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Mudkip Orange

I certainly wouldn't knock additional service to Pittsburgh, whether that's more locals or a through train to Chi. But it just boggles my mind to think of dropping all that money to electrify *one* corridor, when you could you could instead spread it around on track and trainsets through the state - Scranton-Stroudsburg, Lansdale-Bethlehem, Reading-Norristown, and yeah Pittsburgh-Harrisburg.

 

The last major electrification proposal was the Schuylkill Valley Metro and we all know what happened to that. There is a distinct lack of grounding in reality that seems to affect Pennsylvania transport proposals - Greensburg Maglev, for instance.

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rpierce000

Didn't the ORIGINAL US railways get built by having the Gov't give away the land? As I remember, and it has been a while since history classes, the government gave just about anyone who said they were a railroad chunks of land to build on in order to get a transcontinental railroad built.

 

What they got was a POS, but it DID work and there was enough money made that the old tracks got replaced, the wold curves got straightened and the system worked.

 

We now have an OK rail freight system. Not great, but OK. Passenger systems stink, but that is because cheap air travel made it faster to go that way for the same $$$.  Now, in places like the Pacific NW, Amtrak competes with air due to security, parking and the general pain that air travel has become. As oil goes up this will only get better for rail.

 

When will the private companies come back? When the process becomes streamlined enough that they can build without 1,000 lawsuits blocking them. In the NW every salmon stream, old growth tree or native hut blocks major projects every day. This becomes ridiculous, but judges cost these project millions of dollars every day, private corporations just can't take the risks. This is why we don't have refinery capacity, new power plants, etc.

 

OK, I will shut up now...

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Martijn Meerts

I don't have much experience with the US trains, but the (very) few I traveled on were actually excellent.. I took the Acela form Washington Union Station to New York Penn station. It was a bit expensive perhaps, but comfort was good, and plenty legroom. In the Netherlands, not even 1st class seats are that good, and the price of those on a close-to-3 hour trip quickly comes close to the price of the Acela trip.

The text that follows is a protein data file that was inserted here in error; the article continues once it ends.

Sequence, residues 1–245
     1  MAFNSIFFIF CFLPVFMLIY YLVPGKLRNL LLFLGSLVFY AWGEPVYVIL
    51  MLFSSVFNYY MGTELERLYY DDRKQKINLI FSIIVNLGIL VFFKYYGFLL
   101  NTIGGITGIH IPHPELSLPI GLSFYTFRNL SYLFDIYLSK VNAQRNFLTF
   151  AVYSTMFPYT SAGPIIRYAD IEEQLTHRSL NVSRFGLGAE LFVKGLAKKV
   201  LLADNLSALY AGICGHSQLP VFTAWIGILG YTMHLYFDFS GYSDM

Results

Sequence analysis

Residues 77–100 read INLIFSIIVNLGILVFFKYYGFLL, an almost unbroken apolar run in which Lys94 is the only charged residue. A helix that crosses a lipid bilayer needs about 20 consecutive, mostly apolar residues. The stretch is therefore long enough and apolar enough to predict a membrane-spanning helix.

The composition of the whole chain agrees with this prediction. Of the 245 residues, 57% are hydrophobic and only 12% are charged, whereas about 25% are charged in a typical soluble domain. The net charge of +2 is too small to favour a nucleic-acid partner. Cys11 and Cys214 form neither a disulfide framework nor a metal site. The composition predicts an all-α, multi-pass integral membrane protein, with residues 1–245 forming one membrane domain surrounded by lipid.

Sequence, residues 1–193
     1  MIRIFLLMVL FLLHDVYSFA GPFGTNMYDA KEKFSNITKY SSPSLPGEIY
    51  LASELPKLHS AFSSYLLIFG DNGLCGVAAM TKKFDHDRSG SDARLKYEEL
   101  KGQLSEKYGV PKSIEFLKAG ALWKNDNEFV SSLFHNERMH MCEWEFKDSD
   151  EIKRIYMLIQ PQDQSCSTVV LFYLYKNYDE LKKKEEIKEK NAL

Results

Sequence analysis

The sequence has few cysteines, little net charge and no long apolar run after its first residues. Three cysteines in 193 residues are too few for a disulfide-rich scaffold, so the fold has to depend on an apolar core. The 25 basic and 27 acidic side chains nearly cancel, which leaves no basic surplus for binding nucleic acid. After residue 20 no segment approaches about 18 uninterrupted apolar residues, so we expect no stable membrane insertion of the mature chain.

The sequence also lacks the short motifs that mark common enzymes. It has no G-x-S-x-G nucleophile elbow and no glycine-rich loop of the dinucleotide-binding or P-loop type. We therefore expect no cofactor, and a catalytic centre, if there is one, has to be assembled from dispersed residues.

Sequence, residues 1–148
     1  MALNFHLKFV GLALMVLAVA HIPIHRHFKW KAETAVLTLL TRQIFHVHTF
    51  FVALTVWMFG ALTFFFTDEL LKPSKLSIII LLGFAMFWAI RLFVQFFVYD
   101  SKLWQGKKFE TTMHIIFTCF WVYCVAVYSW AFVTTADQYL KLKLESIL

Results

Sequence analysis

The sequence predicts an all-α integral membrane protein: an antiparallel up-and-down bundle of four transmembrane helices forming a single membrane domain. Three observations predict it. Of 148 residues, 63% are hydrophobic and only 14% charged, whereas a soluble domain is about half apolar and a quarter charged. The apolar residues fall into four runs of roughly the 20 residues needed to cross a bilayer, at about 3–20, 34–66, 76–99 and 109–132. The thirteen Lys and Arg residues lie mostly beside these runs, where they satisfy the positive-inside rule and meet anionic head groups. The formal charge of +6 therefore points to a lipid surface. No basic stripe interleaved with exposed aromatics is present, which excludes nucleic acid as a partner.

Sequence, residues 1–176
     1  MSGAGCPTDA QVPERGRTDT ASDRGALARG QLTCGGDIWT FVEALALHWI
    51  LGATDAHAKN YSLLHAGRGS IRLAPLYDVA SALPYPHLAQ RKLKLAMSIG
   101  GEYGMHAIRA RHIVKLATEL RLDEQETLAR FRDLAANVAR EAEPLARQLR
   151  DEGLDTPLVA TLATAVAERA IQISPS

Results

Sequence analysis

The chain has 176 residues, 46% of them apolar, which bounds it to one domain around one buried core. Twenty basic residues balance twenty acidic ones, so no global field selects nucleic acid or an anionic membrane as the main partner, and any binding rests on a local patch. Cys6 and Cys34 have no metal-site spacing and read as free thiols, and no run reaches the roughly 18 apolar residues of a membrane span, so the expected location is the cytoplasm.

The trip back I took the NE regional, sat in the dining car, and it was really nice. I didn't book a ticket in advance for this one, so it ended up being almost as expensive as the Acela, but even so, the comfort in the dining car was so much better than in (modern) Dutch trains.

 

What really got me is that people had no problem leaving their stuff with their seats when they went to get something to eat or drink. Do that in the Netherlands, and your stuff will be gone in no time. I also found people to be quite nice in general. The way they handle the tickets was also much better than over here.. Over here you can (and often will) be asked for your ticket 4-5 times during a half on hour trip on the same train. They don't have a way of "marking" whose tickets they've already seen. I also liked that they came buy to tell you that the next stop was your destination.

 

Obviously, I haven't traveled on the US trains a lot, and I haven't experienced them when things to go wrong, but for now my experience with Amtrak has been much better than I thought after hearing all the horror stories :)

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Guest ___

Didn't the ORIGINAL US railways get built by having the Gov't give away the land? As I remember, and it has been a while since history classes, the government gave just about anyone who said they were a railroad chunks of land to build on in order to get a transcontinental railroad built.

 

What they got was a POS, but it DID work and there was enough money made that the old tracks got replaced, the wold curves got straightened and the system worked.

 

We now have an OK rail freight system. Not great, but OK. Passenger systems stink, but that is because cheap air travel made it faster to go that way for the same $$$.  Now, in places like the Pacific NW, Amtrak competes with air due to security, parking and the general pain that air travel has become. As oil goes up this will only get better for rail.

 

When will the private companies come back? When the process becomes streamlined enough that they can build without 1,000 lawsuits blocking them. In the NW every salmon stream, old growth tree or native hut blocks major projects every day. This becomes ridiculous, but judges cost these project millions of dollars every day, private corporations just can't take the risks. This is why we don't have refinery capacity, new power plants, etc.

 

OK, I will shut up now...

 

Yeah and through emanate domain, but that was also during a time when the country was a lot less litigious. Imagine the government trying to do that today, it would never happen.

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Mudkip Orange

When will the private companies come back? When the process becomes streamlined enough that they can build without 1,000 lawsuits blocking them. In the NW every salmon stream, old growth tree or native hut blocks major projects every day. This becomes ridiculous, but judges cost these project millions of dollars every day, private corporations just can't take the risks. This is why we don't have refinery capacity, new power plants, etc.